Over the past few years, agritourism has become an important offshoot of the tourism sector, showing potential business in its own space. Aiming to explore and discover rural life, culture, art and heritage in the countryside, agritourism works to socially and economically support local communities. To take advantage of this current trend, New Communities Land Trust, an organization founded in 1969 to provide shelter for black farmers, recently launched the Southwest Georgia Agritourism Trail. The project consists of a collection of stays and experiences on Airbnb throughout the southwest Georgia.
The Southwest Georgia Agritourism Trail, led by co-founder and USDA Commissioner for Equity Shirley Sherrod, will support participating farmers access local tourism economic opportunities through accommodation while raising community awareness of the history and contemporary needs of black farming communities. .
The New Communities Land Trust, a public land trust in the United States of more than 6,000 acres of farmland owned and managed by black farmers, works to create generational wealth by supporting and educating its members in sustainable farming and agribusiness practices. The organization is headquartered in Resora, a former plantation near Albany that originally belonged to one of the largest slave estates in Georgia and now represents and promotes racial reconciliation and healing.
“When New Communities acquired Resora over a decade ago, we envisioned it as a place where we could farm the land, feed people’s minds, and empower our community. I look forward to the opportunities this new partnership will bring to our members, the rich stories that will continue to be passed on from guests, and the type of relaxation and recovery that only being in nature can provide.” Shirley Sherrod, co-founder of the New Communities Land Trust and Resora.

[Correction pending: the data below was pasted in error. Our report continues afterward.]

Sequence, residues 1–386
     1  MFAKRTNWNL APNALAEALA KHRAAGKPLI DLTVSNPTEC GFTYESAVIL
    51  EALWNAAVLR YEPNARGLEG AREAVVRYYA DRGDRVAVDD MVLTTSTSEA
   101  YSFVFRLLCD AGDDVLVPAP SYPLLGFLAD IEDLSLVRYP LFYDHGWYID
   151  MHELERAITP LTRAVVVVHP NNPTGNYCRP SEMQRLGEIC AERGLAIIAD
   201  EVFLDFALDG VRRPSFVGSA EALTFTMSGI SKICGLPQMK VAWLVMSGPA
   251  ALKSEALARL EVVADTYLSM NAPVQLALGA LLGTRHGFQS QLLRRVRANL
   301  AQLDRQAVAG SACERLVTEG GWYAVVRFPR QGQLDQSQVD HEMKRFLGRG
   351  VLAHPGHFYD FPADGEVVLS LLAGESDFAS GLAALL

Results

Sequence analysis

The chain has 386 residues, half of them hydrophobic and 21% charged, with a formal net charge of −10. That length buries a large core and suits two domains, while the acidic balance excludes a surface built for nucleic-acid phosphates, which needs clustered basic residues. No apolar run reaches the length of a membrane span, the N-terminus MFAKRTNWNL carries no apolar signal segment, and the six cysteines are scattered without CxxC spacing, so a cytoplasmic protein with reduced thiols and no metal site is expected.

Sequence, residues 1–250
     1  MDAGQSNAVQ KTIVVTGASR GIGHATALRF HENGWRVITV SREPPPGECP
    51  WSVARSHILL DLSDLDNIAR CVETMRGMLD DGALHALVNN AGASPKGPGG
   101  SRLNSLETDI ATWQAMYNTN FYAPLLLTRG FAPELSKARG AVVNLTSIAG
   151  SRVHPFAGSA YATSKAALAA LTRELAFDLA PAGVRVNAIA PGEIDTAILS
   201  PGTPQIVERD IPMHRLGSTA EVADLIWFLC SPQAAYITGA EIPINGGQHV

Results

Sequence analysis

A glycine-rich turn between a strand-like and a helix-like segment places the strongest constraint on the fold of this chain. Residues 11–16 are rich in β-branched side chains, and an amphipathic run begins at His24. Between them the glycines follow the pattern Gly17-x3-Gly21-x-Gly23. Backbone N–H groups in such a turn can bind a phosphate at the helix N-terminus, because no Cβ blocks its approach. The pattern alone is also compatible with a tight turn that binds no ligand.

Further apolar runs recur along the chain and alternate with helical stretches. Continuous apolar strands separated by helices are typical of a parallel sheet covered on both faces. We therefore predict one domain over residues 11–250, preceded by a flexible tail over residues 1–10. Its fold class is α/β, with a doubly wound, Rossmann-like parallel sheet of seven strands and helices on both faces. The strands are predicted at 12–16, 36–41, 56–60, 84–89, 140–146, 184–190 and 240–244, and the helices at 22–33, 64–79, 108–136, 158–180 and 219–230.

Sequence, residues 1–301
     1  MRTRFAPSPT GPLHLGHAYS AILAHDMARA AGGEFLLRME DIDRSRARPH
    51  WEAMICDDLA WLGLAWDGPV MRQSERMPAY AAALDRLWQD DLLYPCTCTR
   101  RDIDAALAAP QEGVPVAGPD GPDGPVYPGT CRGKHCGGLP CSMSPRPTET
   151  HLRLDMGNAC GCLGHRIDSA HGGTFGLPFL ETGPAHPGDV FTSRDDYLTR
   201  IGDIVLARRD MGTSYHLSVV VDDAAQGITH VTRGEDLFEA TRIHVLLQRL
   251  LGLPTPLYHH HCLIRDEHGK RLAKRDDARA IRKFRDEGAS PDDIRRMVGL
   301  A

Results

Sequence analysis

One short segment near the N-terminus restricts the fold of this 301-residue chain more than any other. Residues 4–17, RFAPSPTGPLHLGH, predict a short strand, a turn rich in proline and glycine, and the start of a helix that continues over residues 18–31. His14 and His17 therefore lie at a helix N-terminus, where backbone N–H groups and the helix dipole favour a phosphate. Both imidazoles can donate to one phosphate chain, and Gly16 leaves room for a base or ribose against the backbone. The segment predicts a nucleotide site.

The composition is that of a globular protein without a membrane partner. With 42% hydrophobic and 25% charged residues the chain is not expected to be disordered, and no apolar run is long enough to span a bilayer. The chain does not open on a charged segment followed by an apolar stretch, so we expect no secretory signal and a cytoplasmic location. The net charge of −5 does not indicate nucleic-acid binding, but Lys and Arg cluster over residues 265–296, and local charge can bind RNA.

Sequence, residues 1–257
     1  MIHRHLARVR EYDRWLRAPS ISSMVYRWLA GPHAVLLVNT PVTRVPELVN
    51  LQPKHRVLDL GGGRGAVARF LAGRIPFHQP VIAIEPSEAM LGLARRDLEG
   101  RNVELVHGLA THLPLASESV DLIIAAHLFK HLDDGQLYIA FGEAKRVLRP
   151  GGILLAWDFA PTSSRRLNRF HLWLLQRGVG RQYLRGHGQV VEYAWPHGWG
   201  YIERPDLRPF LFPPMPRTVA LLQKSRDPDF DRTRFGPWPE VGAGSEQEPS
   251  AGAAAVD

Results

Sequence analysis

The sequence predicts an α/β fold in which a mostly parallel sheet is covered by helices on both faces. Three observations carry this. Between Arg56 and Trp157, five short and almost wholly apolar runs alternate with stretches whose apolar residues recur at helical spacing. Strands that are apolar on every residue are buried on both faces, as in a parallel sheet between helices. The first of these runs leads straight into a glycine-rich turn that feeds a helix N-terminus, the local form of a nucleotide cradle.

Support for black farmers
Through the Southwest Georgia Backcountry Trail, the New Communities Land Trust and Airbnb support their members in harnessing the rural tourism economy, as well as offering travelers relaxing rural getaways and opportunities to interact with black farming communities.
“Travel has long opened new doors to discovery – and the very nature of hospitality allows stories to be told, traditions shared and history to be understood first hand. We are thrilled to launch the Southwest Georgia Agritourism Trail with Shirley and the New Communities Land Trust to not only introduce these families to accommodation, but to educate the global Airbnb community about the past, present and future of Black agriculture.” Katherine Powell, Global Head of Hosting.
According to Airbnb, the number of domestic nights booked by U.S. guests on the Rural Stays platform has increased by 110 percent in 2021 compared to 2019.